1. #1
    Firehouse.com Guest

    Question Attitudes: volunteer vs full-time

    I am a full-time F/F of 13 years, and during this time I have spent the last 6 years of my days off working for my local volunteer fire dept. At first I was excepted into the volunteer dept. with open arms. I had been asked to help in the upgrade of there training classes. As time progressed and the upgrades to the next level of training became complete I started noticing a segregation of attitudes' focused around the fact that I was a full-time F/F with another dept. I am interested in hearing the views of others that might be in similar hostile working environments.

  2. #2
    Aerial 131
    Firehouse.com Guest


    I find your situation interesting as I started as a volunteer 18 years now and then became a career FF 8.5 years now. I find my situation almost opposite of yours.

    I have only had problems a couple of times with members of the paid department and my being a volunteer. They were mostly resolved. I honestly think they might have been jealous of how far I had advanced in trng and my capabilities.

    In my volunteer department there are many of the firefighters that find it unbelievable that I manage to do both departments. Probably I can, because the chiefs for the entire area have worked hard at having everyone on the same sheet of music when we have incidents together(which is fairly often).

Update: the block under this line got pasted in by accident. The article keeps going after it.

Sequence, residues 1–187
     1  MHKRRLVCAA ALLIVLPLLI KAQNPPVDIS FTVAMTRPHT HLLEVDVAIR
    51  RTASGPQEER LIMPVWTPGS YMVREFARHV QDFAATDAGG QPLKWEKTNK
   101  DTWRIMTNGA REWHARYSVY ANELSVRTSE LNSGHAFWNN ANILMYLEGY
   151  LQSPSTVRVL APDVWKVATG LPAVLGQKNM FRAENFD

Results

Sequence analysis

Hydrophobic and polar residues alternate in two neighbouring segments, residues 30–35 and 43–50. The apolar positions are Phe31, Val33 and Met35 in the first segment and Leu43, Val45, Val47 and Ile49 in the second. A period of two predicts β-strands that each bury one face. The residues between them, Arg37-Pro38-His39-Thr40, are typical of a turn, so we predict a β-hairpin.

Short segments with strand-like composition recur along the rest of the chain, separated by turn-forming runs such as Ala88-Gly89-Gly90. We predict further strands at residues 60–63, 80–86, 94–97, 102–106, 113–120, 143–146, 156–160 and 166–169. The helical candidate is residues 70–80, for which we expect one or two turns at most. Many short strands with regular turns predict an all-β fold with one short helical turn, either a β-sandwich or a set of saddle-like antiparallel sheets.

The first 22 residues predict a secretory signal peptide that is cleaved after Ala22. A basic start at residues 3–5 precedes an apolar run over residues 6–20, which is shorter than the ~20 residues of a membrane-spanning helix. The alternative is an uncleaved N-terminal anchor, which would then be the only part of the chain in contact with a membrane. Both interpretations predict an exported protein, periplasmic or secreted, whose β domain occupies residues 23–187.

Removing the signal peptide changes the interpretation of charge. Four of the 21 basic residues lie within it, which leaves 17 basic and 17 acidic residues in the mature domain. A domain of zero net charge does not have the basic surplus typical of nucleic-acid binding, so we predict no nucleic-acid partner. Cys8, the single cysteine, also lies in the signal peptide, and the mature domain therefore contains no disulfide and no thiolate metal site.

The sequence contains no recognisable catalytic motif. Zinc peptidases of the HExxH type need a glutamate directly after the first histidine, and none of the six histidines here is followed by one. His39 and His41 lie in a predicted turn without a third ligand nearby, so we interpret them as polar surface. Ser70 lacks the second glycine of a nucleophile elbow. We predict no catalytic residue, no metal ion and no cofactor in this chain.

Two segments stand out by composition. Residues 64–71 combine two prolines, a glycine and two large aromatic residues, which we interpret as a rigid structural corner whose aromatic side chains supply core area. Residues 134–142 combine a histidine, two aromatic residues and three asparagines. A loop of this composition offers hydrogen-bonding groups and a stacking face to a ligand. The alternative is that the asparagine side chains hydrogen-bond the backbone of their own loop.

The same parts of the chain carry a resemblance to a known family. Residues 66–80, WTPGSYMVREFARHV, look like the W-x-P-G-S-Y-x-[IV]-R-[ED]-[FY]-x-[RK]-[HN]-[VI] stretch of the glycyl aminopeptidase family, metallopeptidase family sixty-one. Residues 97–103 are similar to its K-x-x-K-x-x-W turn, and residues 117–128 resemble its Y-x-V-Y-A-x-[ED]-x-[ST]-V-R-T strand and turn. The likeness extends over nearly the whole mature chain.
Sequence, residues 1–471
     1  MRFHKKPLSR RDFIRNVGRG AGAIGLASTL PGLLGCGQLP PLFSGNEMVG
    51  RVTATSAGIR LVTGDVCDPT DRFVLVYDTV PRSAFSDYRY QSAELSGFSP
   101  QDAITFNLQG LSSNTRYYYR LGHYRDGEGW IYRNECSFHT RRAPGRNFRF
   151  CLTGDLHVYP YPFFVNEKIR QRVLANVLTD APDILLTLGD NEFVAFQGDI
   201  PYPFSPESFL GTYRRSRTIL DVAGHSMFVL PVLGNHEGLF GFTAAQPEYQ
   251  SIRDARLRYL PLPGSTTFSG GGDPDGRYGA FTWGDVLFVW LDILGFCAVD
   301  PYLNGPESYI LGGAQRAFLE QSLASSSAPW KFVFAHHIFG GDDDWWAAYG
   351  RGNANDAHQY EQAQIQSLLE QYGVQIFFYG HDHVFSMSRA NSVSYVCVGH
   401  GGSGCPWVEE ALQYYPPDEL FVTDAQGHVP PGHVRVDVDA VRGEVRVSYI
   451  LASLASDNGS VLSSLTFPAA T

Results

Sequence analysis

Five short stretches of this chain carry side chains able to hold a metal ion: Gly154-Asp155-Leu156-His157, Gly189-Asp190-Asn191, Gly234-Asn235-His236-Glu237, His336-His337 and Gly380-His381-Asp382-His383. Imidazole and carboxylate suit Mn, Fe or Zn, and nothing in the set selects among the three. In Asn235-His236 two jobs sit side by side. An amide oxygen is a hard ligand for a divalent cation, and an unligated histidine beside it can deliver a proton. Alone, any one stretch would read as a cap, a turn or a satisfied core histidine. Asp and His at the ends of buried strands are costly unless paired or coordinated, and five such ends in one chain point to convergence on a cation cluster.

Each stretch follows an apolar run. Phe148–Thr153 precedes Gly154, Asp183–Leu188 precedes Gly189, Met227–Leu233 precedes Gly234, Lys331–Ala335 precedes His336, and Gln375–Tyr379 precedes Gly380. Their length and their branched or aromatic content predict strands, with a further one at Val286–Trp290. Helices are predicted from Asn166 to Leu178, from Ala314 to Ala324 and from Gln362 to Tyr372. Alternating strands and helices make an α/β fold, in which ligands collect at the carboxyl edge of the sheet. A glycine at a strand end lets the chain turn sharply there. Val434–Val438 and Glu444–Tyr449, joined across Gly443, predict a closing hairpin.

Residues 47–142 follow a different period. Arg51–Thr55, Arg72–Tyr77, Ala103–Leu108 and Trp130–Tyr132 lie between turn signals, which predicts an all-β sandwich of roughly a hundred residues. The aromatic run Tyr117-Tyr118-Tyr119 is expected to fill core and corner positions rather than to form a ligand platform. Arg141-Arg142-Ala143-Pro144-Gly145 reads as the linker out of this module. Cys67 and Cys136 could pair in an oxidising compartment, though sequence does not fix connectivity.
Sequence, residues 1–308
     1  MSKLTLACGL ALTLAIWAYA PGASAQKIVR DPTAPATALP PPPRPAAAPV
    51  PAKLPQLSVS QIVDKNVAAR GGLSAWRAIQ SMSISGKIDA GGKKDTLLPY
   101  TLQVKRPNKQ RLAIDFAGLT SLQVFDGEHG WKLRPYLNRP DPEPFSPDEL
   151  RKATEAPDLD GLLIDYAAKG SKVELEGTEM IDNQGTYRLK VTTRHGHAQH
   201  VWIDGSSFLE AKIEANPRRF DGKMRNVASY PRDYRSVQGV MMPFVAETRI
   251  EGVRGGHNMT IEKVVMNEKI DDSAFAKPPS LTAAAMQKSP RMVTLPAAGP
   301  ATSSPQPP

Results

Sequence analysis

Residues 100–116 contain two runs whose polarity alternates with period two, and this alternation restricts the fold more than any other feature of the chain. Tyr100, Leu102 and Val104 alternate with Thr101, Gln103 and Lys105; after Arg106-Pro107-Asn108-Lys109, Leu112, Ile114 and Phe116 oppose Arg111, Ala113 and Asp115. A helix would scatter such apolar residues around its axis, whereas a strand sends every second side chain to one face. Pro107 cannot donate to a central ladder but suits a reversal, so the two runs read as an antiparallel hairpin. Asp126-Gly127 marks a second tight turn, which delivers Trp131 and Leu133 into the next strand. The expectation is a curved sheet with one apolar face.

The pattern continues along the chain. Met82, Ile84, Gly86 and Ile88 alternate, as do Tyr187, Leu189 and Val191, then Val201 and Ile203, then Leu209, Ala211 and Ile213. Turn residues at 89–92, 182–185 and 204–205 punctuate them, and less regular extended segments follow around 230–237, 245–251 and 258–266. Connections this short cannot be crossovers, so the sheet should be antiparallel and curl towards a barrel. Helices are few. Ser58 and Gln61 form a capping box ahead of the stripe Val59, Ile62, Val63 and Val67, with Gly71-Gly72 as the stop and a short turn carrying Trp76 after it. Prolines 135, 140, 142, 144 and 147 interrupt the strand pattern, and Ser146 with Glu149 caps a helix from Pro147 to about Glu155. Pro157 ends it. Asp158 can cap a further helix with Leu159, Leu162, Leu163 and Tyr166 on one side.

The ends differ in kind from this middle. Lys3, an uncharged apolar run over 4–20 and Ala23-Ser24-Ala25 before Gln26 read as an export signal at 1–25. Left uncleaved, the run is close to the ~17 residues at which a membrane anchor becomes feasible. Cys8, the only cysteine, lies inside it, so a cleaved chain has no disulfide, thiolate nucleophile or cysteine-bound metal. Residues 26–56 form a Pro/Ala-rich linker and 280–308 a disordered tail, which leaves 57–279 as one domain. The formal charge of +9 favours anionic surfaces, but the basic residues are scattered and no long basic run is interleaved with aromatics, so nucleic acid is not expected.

I will retire from both some day and I will be very proud of having served for both departments.


  3. #3
    Firehouse.com Guest


    The problem that I have is the professional firefighters that volunteer in another union house. If you want to tick in a volley house fine, but don't tick in a union house. Would you like it if your shift commander told you not to come in today because there was enough volunteers around and they didn't need you? You just lost a days pay! Ask the Brothers in Howard Co. Md and the Brothers in Prince George's Co. Md how they like so called brothers coming from DCFD and other jurisdictions in to volunteer at their stations.

  4. #4
    Firehouse.com Guest


    The problem I had was similar, but in reverse
    I was a volunteer firefighter from 83 to 94 at which time I joined a much larger urban paid dep. The change in the attitude of my volunteer "buddies" was immediate, even before I was actually hired I began to feel a kind of reverse discrimination, a general attitude that I must be looking down my nose at them because they were volunteer. I was an officer in that dept. At fire scenes, all of a sudden every decision I made was because I was trying to act like a "professional" which seemed to be a bad thing to my brethren.
    I never understood the attitude I believe in retrospect that there was an underlying feeling of inferiority on their part. I was welcomed with open arms in my new dept and never looked back since. perhaps that would be your best solution Paris, if they dont want you there, its their loss.

  5. #5
    Firehouse.com Guest